Context, context, context

In Matthew 3:1–3, John the Baptist heralds that great proclamation: ‘Repent for the Kingdom of heaven is at hand’, which was also a key element in the ministry of the Lord, and His disciples. For many, this is where their Christian journey begins – to them it is as though John was revealing something brand new to his listeners. However, his declaration was not without a context. In Matthew 3:3 the Scripture associates John the Baptist with the prophecy of Isaiah 40:3, showing that he is ‘the voice of the one crying in the wilderness’. This clearly places John’s declaration of the Kingdom in the context of Isaiah 40, a context that is solely concerned with the physical rule of the Lord on the earth.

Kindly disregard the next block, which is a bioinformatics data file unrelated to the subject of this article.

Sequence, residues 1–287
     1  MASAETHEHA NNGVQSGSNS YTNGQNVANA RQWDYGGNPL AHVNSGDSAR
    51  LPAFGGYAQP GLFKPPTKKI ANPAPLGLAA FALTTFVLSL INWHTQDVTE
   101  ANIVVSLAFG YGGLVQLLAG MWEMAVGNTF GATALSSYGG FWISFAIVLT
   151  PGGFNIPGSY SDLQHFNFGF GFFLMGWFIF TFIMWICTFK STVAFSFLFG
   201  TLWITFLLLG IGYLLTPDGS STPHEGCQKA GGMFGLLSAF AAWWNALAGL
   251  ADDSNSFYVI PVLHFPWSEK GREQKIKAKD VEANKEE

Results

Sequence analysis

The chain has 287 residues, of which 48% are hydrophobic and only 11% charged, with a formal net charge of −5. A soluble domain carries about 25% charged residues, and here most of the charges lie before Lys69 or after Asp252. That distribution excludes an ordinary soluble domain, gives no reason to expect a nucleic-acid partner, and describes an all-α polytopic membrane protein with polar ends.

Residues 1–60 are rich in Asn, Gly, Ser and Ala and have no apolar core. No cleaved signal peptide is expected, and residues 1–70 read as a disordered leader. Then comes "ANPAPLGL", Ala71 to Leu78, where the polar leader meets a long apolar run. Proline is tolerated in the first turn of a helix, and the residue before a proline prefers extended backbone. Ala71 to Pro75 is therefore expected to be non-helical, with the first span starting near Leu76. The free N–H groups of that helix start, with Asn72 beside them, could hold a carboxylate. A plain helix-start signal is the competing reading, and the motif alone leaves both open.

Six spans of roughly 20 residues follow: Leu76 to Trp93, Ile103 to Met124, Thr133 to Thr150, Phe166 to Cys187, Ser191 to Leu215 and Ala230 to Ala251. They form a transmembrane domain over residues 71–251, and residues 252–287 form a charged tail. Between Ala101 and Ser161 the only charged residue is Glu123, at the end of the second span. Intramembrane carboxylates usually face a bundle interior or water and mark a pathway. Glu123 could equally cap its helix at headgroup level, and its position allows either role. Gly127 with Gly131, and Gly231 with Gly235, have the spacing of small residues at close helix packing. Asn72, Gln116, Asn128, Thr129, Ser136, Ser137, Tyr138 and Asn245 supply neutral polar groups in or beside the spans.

The Hope in Isaiah 40

Isaiah 40:1–11 foretells of the comfort that Israel could look forward to under the rule of their Messiah when the glory of the Lord is revealed. It highlights the physical changes that will take place on the earth when the Lord comes to establish His Kingdom, and how Israel will be regathered from all the places where they have been scattered – (compare this with Ezekiel 34:11–14). In verses 15–17 we see the total insignificance of the nations in the face of that glory. Every Israelite who heard John’s declaration on that day would have understood exactly what Kingdom he was talking about.